COMMENT: It is indeed true that to believe the lone-gunman scenario, one must assume that Oswald entered the vestibule door (also known as the foyer door) only a second or two before Baker got to the top of the stairs. However, this means that Oswald somehow, someway came down the stairs and walked through the foyer door without being seen by Roy Truly, who was running ahead of Baker. The Commission never attempted to explain how Oswald could have done this.

The simple fact of the matter is that Oswald could not have gone through the foyer door only a few seconds before Baker reached the second-floor landing without first being seen by Truly. Truly would have seen Oswald either coming off the stairs or approaching the door. Lone-gunman theorists have no explanation for this problem. If they do, I have yet to see it.

Another mortal blow to the lone-assassin scenario that emerges from the Baker-Oswald encounter is that if Oswald had gone through the foyer door just "a second or two" before Baker reached the landing, the door, which had an automatic closer, would have been in full motion and would have been visibly open But Baker said the door was either closed or nearly closed when he looked at it. In other words, if Oswald went through the foyer door just a second or two before Baker looked at the door, the door would have been in obvious motion.

It should be pointed out that Baker was very tentative in making his belated claim that the foyer door "might" have been moving; even then, he said that if it was moving, it was "almost shut." However, the door, with its slow automatic closer, would not have had enough time to be "almost shut" if Oswald had just passed through it "a second or two" before Baker looked at it. And this unsolvable problem leads us straight back to the fact that Truly would have easily spotted Oswald, either coming off the stairs or approaching the foyer door, if Oswald had gone through that door only a couple seconds before Baker looked at it.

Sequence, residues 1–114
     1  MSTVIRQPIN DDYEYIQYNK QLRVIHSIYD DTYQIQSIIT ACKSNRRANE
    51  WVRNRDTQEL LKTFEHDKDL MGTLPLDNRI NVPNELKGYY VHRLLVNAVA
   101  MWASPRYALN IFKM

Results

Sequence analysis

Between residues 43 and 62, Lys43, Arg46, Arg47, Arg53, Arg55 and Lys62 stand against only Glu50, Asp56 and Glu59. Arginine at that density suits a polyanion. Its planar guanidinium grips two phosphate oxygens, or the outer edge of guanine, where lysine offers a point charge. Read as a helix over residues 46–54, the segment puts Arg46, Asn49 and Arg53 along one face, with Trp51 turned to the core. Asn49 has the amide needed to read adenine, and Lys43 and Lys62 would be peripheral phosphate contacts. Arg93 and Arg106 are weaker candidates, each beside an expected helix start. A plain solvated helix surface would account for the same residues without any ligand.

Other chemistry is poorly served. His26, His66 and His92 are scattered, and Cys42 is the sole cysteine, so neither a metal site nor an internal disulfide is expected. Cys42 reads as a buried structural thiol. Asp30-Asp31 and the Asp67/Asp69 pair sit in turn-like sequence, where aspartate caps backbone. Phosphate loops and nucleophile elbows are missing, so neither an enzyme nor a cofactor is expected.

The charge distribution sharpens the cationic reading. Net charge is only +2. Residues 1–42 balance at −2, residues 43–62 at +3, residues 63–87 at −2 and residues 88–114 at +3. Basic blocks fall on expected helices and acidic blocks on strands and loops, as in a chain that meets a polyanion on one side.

Alleged Murder Weapon in Paine Garage Till 11/22/63

Finally, evidence discussed in chapter IV tends to prove that Oswald brought his rifle to Dallas from the home of the Paines on November 22, and there is no other evidence which indicates that he took the rifle or a package which might have contained the rifle out of the Paine's garage, where it was stored, prior to that date. (WCR, p. 320, emphasis added).

COMMENT: So, according to this part of the Commission's report, "there is no evidence" that the alleged murder weapon was removed from the Paines' garage prior to November 22. If Oswald didn't remove the rifle from the Paines' garage until that day, what are we to make of the belated claims that he regularly cleaned and target practiced with the weapon? What about the witnesses who saw a man who strongly resembled Oswald firing at a local rifle range? If Oswald never took the rifle out of the garage prior to November 22, and if he owned no other rifle, then this means he had no target practice in the weeks leading up to the assassination.

One prominent lone-gunman theorist commented on this passage by saying that Oswald did all his target practicing before he went to New Orleans, and that once he returned to Dallas the rifle remained in the Paines' garage until the day of the shooting. In other words, if we are to believe the WCR on this point, Oswald did not engage in any target practice during the forty days preceding the assassination. To put it another way, Oswald, who was known as a mediocre shot at best, supposedly went up to the sixth-floor window and accomplished a world-class shooting feat, a feat which has yet to be duplicated, without having had any rifle practice for over a month.

Oswald Not Such A Dumb, Violent Maniac After All

Contrary to reports that appeared after the assassination, the psychiatric examination did not indicate that Lee Oswald was a potential assassin, potentially dangerous, that "his outlook on life had strongly paranoid overtones" or that he should be institutionalized. Dr. Hartogs did find Oswald to be a tense, withdrawn, and evasive boy who intensely disliked talking about himself and his feelings. He noted that Lee liked to give the impression that he did not care for other people but preferred to keep to himself, so that he was not bothered and did not have to make the effort of communicating. Oswald's withdrawn tendencies and solitary habits were thought to be the result of "intense anxiety, shyness, feelings of awkwardness and insecurity." He was reported to have said "I don't want a friend and I don't like to talk to people" and "I dislike everybody." He was also described as having a "vivid fantasy life, turning around the topics of omnipotence and power, through which he tries to compensate for his present shortcomings and frustrations." Dr. Hartogs summarized his report by stating: